Well, you can start by not calling me the “other Mr. Payne,” lady. I like to think that both Messrs. Payne stand on equal footing, even if my income can’t really support that notion. But that’s not the point of my story.
You see, I identified myself to a stranger as the husband of a dude in a completely boring and uneventful exchange with my cable provider. The label I used to identify myself encountered no resistance or mockery.
Preppy and I have encountered so many situations over the years where referring to each other as “husband,” or the fact that we share a last name, has been met with raised eyebrows or hostility or remarkably bizarre personal questions. The cable company lady’s non-response reminded me that it’s becoming increasingly unlikely that we’re gonna be anybody’s first time anymore.
It appears the labels we’ve chosen are starting to stick.
When one writes a blog, one must then tag the post with keywords, which helps readers search for relevant content. You write a thousand words on the history of egg salad, tag it with “egg salad” and “history,” and egg salad historical buffs all over the world will flock to you.
I enjoy tagging, because I’m a very pro-label person. I’m aware that’s not a popular standpoint, because labels can marginalize people and nobody likes that. My buddy Scott, the transgendered author and performance artist, has built an entire career educating folks on how you can’t label him.
I tried real dang hard to be open-minded about that, but in the end I’ve just labeled him “My buddy Scott, the transgendered author and performance artist who doesn’t like labels.” He has become defined by his resistance to definition.
Back when Preppy and I were trying out churches, I fell in love with an Episcopal parish that was very polished and ornate. That sense of formality was enormously appealing to me. I wasn’t interested in a just-folks minister who tells everyone to “Just call me Marcia.”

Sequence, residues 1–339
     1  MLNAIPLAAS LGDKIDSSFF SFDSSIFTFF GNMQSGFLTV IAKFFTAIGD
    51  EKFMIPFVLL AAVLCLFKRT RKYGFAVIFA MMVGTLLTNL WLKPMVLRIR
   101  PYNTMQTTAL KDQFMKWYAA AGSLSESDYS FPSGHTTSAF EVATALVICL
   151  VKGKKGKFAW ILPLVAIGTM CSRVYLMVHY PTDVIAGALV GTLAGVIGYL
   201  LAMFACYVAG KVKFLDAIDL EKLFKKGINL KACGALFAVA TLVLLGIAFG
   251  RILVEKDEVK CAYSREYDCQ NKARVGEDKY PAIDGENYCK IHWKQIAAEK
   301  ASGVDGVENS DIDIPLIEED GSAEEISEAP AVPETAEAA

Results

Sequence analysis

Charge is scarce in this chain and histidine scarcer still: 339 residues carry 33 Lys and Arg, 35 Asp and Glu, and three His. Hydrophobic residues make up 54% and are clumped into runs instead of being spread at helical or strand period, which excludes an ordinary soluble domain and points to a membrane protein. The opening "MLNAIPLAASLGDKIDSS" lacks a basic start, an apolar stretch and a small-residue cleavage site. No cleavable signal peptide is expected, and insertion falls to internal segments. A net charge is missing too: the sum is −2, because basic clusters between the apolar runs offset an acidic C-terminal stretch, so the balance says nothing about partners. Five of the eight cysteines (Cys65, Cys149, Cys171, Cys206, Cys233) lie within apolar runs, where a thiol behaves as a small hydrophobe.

When it comes to who has God on speed dial if I need answers, I’d prefer reaching out to someone I call Reverend or Preacher over Marcia. It just sounds wrong to me, like when I hear a nine year-old call his parents by their first names. If I’d ever tried calling my father “Cleve” when I was a kid, there would have been dire consequences.
Authority figures have labels, like “Dad,” or “Senator,” or “Mistress of Pain,” as a sign of respect and a nod to tradition. And darn it, I think it really helps clear things up for people if you can give them a few keywords to associate with you.
I read an interview with Dr. Laura where she said that she’s all for same-gender domestic partnerships, but believes the institution of marriage should be protected. I assume she’s referring to the institution which allowed her to divorce her first husband after she had an affair, then live with her boyfriend for nine years prior to their marriage.
The argument Dr. Laura hypocritically presents is one we hear a lot, that we should let go of the word and focus on the rights. But labels matter, y’all.
When you tag yourself, you’re sending a very specific message: Married. Gay. Southern. Christian. You’re choosing to take the accepted definition and declaring to the world that whether your usage supports or defies their understanding, you are officially that thing.
That’s how the definition expands and reforms over time — through usage. If it happens enough, a label that once would have been seen as ridiculous or provocative is now just the greeting which leads to a lovely evening watching a Julianne Moore movie.
Topher Payne is an Atlanta-based playwright, and the author of the book “Necessary Luxuries: Notes on a Semi-Fabulous Life.” Find out more at www.topherpayne.com